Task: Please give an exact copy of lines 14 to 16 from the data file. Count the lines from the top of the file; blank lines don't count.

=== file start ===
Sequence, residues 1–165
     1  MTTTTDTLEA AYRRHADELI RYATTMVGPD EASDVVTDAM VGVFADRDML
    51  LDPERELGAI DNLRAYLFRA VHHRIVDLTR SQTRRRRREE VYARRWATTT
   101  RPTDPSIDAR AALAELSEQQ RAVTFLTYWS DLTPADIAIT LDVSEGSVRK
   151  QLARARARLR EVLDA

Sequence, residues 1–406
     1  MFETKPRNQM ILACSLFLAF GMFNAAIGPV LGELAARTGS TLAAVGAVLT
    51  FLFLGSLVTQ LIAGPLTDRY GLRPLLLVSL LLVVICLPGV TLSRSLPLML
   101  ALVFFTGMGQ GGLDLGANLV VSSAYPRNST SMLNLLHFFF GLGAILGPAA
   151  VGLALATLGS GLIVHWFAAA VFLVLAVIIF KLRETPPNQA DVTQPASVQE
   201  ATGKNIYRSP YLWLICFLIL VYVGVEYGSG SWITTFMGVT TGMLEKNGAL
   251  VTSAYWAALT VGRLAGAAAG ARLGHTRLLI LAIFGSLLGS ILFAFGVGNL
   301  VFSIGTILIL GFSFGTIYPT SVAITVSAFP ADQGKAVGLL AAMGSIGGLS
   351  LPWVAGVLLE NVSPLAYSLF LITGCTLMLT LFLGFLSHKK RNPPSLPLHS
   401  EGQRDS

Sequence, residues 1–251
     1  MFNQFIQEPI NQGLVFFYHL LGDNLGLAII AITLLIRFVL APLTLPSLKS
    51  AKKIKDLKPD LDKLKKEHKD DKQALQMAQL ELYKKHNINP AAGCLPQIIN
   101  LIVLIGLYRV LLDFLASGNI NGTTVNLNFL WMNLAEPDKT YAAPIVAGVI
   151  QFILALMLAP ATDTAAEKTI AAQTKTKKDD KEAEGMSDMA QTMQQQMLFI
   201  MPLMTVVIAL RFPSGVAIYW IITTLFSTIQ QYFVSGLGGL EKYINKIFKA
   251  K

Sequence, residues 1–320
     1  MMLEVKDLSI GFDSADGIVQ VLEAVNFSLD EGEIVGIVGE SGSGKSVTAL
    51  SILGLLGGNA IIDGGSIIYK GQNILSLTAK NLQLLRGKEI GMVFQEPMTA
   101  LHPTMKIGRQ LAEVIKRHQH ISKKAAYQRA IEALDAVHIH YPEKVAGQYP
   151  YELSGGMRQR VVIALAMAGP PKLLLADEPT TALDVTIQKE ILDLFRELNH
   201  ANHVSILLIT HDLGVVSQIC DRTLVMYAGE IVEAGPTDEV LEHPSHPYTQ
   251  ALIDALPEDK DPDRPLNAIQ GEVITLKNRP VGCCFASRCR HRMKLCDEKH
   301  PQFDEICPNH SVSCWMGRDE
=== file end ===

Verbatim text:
   351  LPWVAGVLLE NVSPLAYSLF LITGCTLMLT LFLGFLSHKK RNPPSLPLHS
   401  EGQRDS

Sequence, residues 1–251